Jacobus Ahrend (1876-1956) first worked as a factory store hand and later in a bookstore, with many navy clients. In 1894 he started in the nautical bookstore Stemler. In 1895 the family moved from Den Helder, the Netherlands' prime naval base, to Haarlemmerweg in Amsterdam. With his brother Dirk, he set up a company, Widow J. Ahrend & son, trading in drawing and painting equipment. The widow in the title was his mother. She was necessary as the brothers were minors.
When Dirk left, settling in South Africa, Jacobus became responsible for the company. In 1897, he became agent for Richter compass boxes. He also sold Schäuffele drawing tables, Nestler slide rules and blueprints. These renowned brands gave him the means to move the company to an attic on Prins Hendrikkade in Amsterdam. In the following years, Jacobus added a technical bookstore and a factory of technical papers, as well as an overseas department focused on the colonies. His products came to include nautical instruments and even a 'typewriter' from the Odell brand. In 1904, the reproduction "division" obtained the largest blueprint making machine here in the Netherlands. In 1906 an electric lithography printer was added. In 1909 the company moved to a building on Singel. A publishing company was added in 1910. From 1913, Jacobus added branches outside Amsterdam. In 1921, Ahrend concentrated his printing activities in a large print shop in Hilversum.
In 1926, Ahrend started selling office furniture. Once again, the company obtained top products. This turn of events was timed well, as the office world was changing quickly as a consequence of the introduction of electricity and later central heating, while steel furniture was replacing wood. Ahrend became a client of Oda and a competitor of Gispen. It competed on style through stylish Dutch steel furniture maker De Cirkel. Ahrend became more and more financially involved in Oda and De Cirkel.
Office equipment was not neglected, though. Ahrend introduced an early copier and a stencil machine in the thirties. That was just as well, as steel was no longer available for civilian purposes in the second world war. The company's behaviour was characterised as opportunistic and often spineless, without being collaborative. Ahrend's trade with the Dutch colonies was halted and its Rotterdam branch bombed in 1940. Even after the second world war, Ahrend had problems securing production materials, as demand far outstripped capacity. Ahrend caught up relatively quickly by buying companies in adjacent fields, like laboratory furniture.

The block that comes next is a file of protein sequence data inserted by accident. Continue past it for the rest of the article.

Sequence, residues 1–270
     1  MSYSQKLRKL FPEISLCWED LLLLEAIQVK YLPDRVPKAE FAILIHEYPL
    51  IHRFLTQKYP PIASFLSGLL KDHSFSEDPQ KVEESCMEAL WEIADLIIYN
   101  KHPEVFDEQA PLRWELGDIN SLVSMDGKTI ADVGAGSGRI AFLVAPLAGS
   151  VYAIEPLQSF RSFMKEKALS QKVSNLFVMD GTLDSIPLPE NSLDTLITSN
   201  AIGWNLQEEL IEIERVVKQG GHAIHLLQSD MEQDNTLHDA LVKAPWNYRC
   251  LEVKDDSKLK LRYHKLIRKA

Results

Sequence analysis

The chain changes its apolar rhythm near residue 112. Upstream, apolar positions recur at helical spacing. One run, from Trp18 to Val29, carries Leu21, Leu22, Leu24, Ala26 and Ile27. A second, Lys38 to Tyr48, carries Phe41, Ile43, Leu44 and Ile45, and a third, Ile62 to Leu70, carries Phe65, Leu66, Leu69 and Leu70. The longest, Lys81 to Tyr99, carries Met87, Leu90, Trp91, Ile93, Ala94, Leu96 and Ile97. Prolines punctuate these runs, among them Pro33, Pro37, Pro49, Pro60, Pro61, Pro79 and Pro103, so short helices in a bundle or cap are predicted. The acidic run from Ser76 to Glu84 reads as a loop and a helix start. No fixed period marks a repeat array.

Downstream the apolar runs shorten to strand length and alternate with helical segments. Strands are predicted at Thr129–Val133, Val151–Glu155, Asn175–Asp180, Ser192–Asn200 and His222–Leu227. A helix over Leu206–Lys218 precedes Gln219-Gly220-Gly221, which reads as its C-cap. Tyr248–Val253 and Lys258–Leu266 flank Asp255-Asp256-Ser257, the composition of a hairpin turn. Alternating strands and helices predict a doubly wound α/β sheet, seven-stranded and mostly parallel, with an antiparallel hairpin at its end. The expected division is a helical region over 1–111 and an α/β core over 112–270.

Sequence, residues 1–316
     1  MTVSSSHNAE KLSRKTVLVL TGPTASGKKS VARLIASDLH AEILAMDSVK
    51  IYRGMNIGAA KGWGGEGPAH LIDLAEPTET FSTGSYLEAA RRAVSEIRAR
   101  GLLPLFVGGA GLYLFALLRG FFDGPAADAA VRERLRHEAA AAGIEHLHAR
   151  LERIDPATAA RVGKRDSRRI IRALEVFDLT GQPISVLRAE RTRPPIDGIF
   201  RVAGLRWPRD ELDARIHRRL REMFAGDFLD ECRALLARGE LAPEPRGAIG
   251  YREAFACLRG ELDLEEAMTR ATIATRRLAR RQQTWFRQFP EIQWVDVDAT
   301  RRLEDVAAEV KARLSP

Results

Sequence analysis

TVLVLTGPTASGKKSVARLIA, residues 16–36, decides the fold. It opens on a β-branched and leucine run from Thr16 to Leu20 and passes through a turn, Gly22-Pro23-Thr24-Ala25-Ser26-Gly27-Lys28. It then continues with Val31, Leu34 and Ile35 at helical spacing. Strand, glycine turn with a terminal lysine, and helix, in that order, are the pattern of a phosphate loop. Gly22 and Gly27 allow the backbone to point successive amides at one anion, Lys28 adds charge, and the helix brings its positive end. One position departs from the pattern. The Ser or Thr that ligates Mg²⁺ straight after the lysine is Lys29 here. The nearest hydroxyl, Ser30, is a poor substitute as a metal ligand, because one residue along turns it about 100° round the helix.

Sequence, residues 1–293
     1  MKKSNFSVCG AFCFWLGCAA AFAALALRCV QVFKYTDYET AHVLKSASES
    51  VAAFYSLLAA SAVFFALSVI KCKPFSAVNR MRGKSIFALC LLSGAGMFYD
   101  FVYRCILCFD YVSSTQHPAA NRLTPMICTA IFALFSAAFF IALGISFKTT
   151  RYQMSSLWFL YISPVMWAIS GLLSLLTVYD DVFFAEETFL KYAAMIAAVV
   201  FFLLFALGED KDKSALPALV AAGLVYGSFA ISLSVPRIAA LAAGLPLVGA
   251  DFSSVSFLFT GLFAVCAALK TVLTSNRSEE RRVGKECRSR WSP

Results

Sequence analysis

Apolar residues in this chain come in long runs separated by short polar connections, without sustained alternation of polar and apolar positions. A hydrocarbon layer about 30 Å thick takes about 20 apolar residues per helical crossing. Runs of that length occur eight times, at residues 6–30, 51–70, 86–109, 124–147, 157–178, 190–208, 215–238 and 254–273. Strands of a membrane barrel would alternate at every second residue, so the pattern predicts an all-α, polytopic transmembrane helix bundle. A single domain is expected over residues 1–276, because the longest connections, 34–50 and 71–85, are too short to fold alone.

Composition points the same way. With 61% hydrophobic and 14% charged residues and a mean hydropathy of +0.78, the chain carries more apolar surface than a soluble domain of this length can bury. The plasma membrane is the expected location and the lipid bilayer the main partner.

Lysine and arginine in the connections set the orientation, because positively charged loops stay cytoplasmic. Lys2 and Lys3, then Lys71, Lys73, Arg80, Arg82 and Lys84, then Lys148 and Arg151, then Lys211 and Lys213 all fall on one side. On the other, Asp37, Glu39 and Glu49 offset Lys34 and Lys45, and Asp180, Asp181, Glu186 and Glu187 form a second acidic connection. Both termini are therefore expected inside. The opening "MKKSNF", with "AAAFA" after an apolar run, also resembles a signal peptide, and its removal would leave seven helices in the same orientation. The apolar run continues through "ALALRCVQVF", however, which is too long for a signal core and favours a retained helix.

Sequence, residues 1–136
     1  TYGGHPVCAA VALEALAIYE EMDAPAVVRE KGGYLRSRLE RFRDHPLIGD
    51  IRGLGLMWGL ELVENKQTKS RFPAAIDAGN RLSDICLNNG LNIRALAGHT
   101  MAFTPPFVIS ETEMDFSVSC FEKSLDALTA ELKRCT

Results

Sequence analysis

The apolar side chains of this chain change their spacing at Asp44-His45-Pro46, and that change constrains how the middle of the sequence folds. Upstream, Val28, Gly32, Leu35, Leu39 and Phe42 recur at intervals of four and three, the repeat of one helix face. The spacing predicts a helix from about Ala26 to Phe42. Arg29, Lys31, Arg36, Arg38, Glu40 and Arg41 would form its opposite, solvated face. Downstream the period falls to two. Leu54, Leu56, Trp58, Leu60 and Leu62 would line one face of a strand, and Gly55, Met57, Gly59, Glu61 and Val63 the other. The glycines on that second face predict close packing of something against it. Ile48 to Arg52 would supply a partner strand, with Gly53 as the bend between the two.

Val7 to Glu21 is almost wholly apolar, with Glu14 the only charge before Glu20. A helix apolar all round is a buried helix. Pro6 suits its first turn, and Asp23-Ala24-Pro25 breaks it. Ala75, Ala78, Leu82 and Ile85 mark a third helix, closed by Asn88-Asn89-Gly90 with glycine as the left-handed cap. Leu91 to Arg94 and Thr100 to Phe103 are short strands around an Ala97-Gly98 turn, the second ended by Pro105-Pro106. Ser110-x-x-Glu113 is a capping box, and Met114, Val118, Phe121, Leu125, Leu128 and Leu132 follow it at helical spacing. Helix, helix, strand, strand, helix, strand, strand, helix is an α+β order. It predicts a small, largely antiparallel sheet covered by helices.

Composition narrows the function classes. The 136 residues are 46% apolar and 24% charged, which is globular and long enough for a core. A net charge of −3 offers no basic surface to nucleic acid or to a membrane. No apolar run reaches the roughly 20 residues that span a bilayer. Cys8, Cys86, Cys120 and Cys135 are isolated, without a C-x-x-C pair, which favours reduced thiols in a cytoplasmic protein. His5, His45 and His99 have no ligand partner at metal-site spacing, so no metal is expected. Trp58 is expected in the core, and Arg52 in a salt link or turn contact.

When Jacobus died, Ahrend went through an often unseemly fight to acquire De cirkel and Oda, a fight it won eventually. However, from the 1970s, profits reduced steadily and turned into losses. The company was re-organised and turned around to the point where it became a holding company with its own production plants, concentrating on office furniture and office supplies. In 2005, the office supplies division was sold to French office supply company Lyreco. The company, presently called Koninklijk Ahrend NV, is headquartered in Sint-Oederode.
In 1905, Harry van de Kamp started a smithy in Sint-Oedenrode. The name of the place is derived from saint Oda, inspiring the smith to call his business Oda. Harry provided the horses of the locally stationed regiment of hussars with horseshoes, traded in horses and in horse manure. His business flourished. He could afford new-fangled machinery. This allowed him to expand his business into making high quality plate steel professional hot air ovens and industrial iron and steel products, from fences to lighting and electricity pylons.
From 1929, the Great Crisis threatened Harry's business with insolvency. In these desperate times, Harry switched to office furniture. It turned out to be a great success, as Harry's experience with steel working translated into high quality steel products. Harry stepped down in 1931. His successors, in particular his eldest son, showed wishy-washy behaviour in the second world war, giving the company a bad local reputation. After Harry's death in 1946, tensions between his sons and Ahrend rose. Only after Jacobus Ahrend's death was it possible to find a solution, resulting in Oda's acquisition by Ahrend. The company's facilities, albeit expanded and modernised, are still used for producing steel office furniture.
|Side 1||- ODA and STALENMEUBELENFABRIEKEN|
|Side 2||- ODA and STALENMEUBELENFABRIEKEN|